The Patient Protection and Affordable Care Act, often referred to simply as the ACA or Obamacare, was signed into law on March 23, 2010. The ACA is intended to expand access to health insurance coverage for millions of uninsured Americans by expanding eligibility for Medicaid and developing health insurance marketplaces where uninsured persons may be eligible for subsidies to make private health plans more affordable. While expanding access to health insurance is a big part of the ACA, there are many other purposes of the law, including provisions intended to reform the health care delivery system to produce better patient outcomes at lower cost.
AOTA was very active in the legislative process leading up to the passage and signing of the ACA, working to achieve victories such as inclusion of rehabilitation and habilitation in the essential health benefits package. AOTA has also been monitorting the regulatory process at the federal and state levels as the ACA has been implemented, and has been advocating for occupational therapy practitioners and consumers. The dynamic environment created by health care reform creates opportunities, but vigilant monitoring of implementation activities and carefully executed advocacy efforts are necessary to ensure occupational therapy is valued and protected in the future.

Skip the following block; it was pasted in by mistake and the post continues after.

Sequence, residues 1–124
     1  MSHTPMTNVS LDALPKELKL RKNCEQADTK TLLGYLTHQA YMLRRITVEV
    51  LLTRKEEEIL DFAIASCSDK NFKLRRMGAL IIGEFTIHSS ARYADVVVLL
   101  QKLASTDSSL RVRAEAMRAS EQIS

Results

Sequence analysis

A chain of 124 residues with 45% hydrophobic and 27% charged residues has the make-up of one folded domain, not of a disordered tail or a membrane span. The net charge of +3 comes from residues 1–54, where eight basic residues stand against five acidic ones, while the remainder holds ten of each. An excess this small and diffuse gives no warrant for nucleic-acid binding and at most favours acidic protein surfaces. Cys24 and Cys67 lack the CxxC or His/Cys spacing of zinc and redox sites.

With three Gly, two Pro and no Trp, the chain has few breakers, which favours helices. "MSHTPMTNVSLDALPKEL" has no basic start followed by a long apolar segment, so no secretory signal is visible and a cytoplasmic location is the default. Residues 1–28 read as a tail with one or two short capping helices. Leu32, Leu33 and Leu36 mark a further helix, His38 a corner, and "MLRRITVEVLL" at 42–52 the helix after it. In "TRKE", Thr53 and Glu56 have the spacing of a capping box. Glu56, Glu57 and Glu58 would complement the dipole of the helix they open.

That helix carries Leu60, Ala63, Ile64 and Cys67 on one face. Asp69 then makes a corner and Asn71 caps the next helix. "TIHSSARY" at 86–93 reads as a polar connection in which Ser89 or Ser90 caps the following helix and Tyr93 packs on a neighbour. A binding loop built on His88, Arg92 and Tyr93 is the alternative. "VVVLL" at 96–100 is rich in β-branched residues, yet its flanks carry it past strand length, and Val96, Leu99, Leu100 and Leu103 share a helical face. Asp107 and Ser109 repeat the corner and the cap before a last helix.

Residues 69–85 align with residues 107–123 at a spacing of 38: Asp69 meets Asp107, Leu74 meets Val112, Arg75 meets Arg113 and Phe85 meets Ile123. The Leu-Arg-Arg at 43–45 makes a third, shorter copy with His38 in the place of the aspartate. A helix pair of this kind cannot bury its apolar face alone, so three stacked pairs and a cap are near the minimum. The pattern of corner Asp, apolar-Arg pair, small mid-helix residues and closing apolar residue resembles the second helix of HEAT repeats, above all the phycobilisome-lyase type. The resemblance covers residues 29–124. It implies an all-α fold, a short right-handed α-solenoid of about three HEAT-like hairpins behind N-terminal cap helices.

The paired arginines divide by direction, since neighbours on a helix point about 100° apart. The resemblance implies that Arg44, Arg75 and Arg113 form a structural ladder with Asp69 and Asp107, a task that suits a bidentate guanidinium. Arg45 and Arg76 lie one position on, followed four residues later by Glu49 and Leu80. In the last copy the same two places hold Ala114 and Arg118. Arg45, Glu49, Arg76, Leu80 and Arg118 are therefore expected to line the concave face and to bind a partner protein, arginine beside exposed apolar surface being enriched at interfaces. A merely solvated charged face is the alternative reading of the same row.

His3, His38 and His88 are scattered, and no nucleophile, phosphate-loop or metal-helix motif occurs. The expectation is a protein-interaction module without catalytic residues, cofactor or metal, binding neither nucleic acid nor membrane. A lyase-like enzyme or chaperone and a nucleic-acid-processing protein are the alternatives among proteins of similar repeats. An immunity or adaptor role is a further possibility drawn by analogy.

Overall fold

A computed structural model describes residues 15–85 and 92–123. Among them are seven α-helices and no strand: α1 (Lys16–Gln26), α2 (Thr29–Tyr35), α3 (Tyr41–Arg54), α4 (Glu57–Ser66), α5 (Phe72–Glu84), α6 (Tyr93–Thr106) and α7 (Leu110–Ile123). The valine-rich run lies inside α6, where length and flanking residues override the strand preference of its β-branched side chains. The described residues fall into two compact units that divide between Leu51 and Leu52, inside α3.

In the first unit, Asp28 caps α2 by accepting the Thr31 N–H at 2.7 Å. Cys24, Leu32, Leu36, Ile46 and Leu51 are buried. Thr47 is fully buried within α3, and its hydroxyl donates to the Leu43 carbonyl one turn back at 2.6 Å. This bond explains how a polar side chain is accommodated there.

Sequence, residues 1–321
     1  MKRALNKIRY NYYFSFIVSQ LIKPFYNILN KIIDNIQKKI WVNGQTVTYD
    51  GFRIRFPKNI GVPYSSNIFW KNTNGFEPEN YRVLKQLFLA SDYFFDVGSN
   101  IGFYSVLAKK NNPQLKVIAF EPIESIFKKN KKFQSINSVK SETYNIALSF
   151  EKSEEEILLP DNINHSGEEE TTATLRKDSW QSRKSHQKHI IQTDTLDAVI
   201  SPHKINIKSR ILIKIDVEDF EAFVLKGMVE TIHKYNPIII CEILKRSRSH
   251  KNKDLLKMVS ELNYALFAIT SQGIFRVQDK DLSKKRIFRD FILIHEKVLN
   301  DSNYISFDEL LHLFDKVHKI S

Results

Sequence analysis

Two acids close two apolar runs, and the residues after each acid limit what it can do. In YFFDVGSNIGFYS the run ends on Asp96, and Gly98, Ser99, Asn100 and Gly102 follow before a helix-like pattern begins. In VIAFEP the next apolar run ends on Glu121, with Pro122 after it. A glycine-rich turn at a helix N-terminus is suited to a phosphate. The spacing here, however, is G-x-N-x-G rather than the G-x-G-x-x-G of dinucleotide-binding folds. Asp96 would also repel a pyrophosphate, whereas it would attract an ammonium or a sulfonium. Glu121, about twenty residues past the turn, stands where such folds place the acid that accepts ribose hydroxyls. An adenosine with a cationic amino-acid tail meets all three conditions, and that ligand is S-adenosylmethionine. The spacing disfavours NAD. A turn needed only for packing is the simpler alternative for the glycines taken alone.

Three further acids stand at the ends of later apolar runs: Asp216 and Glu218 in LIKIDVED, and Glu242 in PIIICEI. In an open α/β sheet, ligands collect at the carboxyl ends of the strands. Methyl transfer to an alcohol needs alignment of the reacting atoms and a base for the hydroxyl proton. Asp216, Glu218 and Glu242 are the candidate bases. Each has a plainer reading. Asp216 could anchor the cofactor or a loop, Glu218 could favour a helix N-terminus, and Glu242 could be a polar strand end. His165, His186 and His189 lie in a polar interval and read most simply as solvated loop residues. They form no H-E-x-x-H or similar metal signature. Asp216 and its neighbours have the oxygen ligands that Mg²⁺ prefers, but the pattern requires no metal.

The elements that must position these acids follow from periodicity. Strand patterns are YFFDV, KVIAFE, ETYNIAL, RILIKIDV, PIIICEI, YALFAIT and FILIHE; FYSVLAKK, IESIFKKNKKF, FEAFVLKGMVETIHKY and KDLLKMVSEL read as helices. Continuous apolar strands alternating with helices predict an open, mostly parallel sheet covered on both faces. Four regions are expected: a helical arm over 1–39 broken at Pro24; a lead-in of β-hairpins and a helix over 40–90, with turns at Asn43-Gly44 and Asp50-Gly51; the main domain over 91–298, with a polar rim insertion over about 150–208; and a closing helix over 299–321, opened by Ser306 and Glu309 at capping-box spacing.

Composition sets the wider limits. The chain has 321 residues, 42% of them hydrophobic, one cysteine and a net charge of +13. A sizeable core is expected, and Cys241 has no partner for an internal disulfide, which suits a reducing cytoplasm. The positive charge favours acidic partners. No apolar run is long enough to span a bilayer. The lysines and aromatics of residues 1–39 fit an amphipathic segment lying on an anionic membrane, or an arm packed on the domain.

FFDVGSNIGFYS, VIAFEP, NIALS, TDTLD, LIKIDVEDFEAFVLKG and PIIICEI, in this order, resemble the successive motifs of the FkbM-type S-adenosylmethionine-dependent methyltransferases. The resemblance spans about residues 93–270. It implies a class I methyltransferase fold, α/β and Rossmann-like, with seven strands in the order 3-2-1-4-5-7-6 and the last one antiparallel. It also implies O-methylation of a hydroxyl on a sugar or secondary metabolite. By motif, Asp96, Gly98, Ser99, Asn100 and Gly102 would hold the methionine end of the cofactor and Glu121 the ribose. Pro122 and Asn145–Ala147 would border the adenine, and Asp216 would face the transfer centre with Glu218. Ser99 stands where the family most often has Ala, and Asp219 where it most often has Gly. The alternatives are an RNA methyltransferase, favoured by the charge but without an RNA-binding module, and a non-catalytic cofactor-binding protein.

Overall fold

Please also see the Health Care Reform Implementation page on AOTA's website at: http://www.aota.org/Advocacy-Policy/Health-Care-Reform.aspx
Things are about to get complicated. On October 1, 2013, health insurance exchanges, now often referred to as marketplaces, are scheduled to be open to start enrolling people in health plans for next year. On January 1, 2014, most of the provisions of the ACA will be in effect, including a variety of new health insurance regulations, and in some states, Medicaid eligibility expansions. For the rest of this year and the beginning of next, there are likely to be a few bumps in the road as all these new programs and systems are rolled out. There is certain to be a lot of political rhetoric and rumors flying every which way. The Centers for Medicare and Medicaid Services (CMS) just released a couple simple fact sheets that may help clear up some of the confusion.
10 Things Providers Need to Know
10 Things to Tell Your Patients